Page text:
In 1517, Perugino was in Città della Pieve, where he painted the fresco of the Deposition from the Cross in the Church of St. Mary of the Servants (the religious Order of the Servants of Mary).
Commissioned by the Brotherhood of the Star, it would be split into parts after an invasive restoration
Commissioned by the Brotherhood of the Star, the fresco is set in the chapel of Our Lady of the Star, the first on the right on entering by the main gate. There can still be read an inscription that includes the name of the client, the year, and the name of the celebrated painter who had been entrusted with the job.
The whole building underwent a radical, invasive process of restoration and renewal in the 17th century. Architectural elements in the Gothic style were covered with Baroque stucco decorations, which have given the nave and the altars their current look. On that occasion, the chapel of Our Lady of the Star was partially demolished; only the right wall and the back wall were left untouched. The creation of a door, in order to connect the choir with the adjacent convent, caused the destruction of parts of the Deposition. Moreover, all the frescoes in the chapel wound up hidden behind a cavity wall. No sooner than 1834 would a German painter, Antoine Remboux, bring them back to light.
Fragments of the Deposition from the Cross, with Virgin Mary and the Apostles
The core of the painting is Jesus’ body being taken down from the cross, of which solely the face has remained visible. Some men, standing on three ladders that lean against the cross, support Christ’s body while another man props two ladders from below. From the viewpoint of composition, the ladders add spatial depth and perspective to the whole.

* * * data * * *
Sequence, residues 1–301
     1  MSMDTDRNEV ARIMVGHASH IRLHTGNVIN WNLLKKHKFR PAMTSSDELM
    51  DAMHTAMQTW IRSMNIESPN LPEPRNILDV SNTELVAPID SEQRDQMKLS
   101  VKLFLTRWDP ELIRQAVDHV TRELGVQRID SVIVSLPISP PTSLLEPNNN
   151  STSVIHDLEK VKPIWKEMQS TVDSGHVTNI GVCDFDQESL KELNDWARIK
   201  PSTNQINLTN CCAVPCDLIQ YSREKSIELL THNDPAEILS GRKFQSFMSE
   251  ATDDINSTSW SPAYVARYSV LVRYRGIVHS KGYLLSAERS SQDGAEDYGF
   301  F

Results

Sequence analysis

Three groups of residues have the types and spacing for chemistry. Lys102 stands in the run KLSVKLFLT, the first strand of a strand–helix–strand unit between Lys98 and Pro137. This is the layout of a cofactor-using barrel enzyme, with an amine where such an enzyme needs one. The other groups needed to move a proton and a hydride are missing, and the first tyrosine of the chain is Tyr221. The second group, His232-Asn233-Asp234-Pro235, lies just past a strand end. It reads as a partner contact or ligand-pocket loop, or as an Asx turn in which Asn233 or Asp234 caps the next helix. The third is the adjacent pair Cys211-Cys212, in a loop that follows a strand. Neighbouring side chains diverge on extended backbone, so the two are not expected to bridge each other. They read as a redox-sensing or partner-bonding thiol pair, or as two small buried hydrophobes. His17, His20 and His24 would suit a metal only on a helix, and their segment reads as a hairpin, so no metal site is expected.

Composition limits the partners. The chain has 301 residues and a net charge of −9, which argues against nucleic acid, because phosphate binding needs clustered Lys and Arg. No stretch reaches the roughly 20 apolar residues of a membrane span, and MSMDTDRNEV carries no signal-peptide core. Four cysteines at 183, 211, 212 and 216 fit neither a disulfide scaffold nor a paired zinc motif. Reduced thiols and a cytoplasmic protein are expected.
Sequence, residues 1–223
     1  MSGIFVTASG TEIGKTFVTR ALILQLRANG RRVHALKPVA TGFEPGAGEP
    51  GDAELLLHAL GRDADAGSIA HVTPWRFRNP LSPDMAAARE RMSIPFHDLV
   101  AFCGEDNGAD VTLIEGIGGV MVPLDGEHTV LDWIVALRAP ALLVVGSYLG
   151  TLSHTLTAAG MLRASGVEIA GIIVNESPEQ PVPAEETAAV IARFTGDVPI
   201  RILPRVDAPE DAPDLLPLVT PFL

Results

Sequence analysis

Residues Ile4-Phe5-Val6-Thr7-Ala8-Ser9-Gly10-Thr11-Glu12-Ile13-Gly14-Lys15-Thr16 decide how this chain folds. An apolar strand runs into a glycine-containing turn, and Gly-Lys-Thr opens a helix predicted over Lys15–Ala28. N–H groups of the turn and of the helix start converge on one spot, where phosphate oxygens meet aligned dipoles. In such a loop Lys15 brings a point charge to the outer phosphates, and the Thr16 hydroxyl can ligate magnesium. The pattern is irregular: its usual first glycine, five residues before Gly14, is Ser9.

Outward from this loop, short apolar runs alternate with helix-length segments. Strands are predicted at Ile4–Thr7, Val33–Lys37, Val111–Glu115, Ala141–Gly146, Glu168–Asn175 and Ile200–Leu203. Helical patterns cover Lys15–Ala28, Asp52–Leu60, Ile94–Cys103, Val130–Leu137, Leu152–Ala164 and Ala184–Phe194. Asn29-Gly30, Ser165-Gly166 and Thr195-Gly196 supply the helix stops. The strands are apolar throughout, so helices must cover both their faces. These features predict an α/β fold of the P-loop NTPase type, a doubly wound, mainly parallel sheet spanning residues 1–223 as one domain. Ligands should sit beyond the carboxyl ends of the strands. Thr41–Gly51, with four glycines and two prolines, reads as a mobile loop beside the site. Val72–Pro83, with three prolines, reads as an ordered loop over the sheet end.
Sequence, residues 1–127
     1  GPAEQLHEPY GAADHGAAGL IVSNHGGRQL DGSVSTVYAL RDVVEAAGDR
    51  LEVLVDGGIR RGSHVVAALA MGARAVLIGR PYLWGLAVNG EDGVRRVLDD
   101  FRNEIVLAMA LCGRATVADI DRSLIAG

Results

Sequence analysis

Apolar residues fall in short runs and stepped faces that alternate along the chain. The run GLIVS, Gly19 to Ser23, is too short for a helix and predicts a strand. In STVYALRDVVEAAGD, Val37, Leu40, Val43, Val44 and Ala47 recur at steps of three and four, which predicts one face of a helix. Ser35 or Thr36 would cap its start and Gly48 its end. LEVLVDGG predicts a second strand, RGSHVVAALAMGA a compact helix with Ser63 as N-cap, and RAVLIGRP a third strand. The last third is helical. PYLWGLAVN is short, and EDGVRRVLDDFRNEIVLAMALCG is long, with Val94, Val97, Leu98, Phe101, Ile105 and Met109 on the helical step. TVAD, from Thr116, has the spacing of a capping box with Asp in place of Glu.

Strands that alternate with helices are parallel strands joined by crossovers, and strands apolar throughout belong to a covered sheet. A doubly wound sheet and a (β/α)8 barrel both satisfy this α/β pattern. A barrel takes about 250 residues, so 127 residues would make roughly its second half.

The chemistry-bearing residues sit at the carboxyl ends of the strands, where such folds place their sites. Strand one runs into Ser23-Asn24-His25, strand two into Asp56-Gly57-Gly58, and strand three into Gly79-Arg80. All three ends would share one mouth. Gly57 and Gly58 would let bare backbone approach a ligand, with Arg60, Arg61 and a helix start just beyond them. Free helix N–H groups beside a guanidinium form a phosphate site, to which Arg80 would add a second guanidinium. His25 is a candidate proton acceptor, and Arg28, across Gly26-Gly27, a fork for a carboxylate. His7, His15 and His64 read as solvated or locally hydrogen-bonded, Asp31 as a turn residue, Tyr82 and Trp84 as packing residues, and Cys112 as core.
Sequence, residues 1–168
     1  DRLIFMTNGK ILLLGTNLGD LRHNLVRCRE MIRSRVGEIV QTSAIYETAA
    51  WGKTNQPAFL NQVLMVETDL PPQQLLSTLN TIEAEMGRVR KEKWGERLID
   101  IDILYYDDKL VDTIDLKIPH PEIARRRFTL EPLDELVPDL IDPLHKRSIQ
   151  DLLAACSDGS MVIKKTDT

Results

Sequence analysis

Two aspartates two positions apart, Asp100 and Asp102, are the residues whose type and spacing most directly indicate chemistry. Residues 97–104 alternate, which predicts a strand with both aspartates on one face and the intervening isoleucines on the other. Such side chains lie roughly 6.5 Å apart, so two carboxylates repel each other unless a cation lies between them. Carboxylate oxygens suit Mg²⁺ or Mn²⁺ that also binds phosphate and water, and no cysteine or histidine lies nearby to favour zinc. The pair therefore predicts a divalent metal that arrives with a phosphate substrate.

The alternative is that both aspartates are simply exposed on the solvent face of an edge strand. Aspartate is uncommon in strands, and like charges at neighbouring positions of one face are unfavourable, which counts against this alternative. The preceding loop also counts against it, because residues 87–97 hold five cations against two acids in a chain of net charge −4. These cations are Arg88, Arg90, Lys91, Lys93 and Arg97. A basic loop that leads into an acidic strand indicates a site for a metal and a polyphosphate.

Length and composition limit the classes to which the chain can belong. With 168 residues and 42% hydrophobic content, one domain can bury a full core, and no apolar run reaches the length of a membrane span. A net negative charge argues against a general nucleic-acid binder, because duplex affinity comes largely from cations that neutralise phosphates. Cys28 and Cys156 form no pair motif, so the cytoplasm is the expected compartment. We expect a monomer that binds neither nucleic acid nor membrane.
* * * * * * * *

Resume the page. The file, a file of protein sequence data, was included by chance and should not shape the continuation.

Mary, who has fainted, lies on the ground on the left. Her figure is surrounded by a group of women – some of them kneeling, some standing – who watch the scene, their sweet faces marked by suffering. In the lower area of the fresco, on the right, some Apostles witness the event.
The ruined parts of the painting allow us to get not more than a faint idea of the spacial depth of the landscape in the background, which has been fragmented by both the past restorations and the passing of time.
The other Perugino fresco in the chapel
On the right wall of the chapel of Our Lady of the Star, there is a recess in which a sculpture of the Pietà used to be positioned. It was probably the same statue currently set above the high altar of the church. All around the niche, another fresco by Perugino shows the mourning personages who were meant to encircle the sculpture of Christ supported by his Mother.
Though only fragments have survived of both frescoes, in the years after their rediscovery they inspired many artists, Purist, Nazarene, and Pre-Raphaelite. The figures that have remained visible can still convey a heartbreaking sentiment thanks to the expert style of one of the most important masters of Italian Renaissance.
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